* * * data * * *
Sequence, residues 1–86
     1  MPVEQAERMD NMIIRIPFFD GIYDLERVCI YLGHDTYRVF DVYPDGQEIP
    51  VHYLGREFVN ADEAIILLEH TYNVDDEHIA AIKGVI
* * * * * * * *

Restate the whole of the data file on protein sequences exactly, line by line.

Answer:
Sequence, residues 1–86
     1  MPVEQAERMD NMIIRIPFFD GIYDLERVCI YLGHDTYRVF DVYPDGQEIP
    51  VHYLGREFVN ADEAIILLEH TYNVDDEHIA AIKGVI